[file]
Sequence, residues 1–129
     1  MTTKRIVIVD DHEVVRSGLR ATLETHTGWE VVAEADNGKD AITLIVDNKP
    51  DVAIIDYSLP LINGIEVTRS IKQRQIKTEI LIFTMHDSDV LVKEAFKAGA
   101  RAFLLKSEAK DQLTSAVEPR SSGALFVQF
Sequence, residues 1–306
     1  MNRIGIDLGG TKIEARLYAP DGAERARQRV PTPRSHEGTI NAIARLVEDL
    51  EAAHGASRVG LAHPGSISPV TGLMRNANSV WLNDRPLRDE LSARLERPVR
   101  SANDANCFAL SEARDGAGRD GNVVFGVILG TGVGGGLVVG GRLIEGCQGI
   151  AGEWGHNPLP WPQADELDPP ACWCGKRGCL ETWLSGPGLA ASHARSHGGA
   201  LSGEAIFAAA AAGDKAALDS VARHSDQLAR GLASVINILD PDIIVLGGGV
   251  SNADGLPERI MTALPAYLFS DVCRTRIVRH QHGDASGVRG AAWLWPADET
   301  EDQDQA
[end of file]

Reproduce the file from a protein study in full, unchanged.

Sequence, residues 1–129
     1  MTTKRIVIVD DHEVVRSGLR ATLETHTGWE VVAEADNGKD AITLIVDNKP
    51  DVAIIDYSLP LINGIEVTRS IKQRQIKTEI LIFTMHDSDV LVKEAFKAGA
   101  RAFLLKSEAK DQLTSAVEPR SSGALFVQF
Sequence, residues 1–306
     1  MNRIGIDLGG TKIEARLYAP DGAERARQRV PTPRSHEGTI NAIARLVEDL
    51  EAAHGASRVG LAHPGSISPV TGLMRNANSV WLNDRPLRDE LSARLERPVR
   101  SANDANCFAL SEARDGAGRD GNVVFGVILG TGVGGGLVVG GRLIEGCQGI
   151  AGEWGHNPLP WPQADELDPP ACWCGKRGCL ETWLSGPGLA ASHARSHGGA
   201  LSGEAIFAAA AAGDKAALDS VARHSDQLAR GLASVINILD PDIIVLGGGV
   251  SNADGLPERI MTALPAYLFS DVCRTRIVRH QHGDASGVRG AAWLWPADET
   301  EDQDQA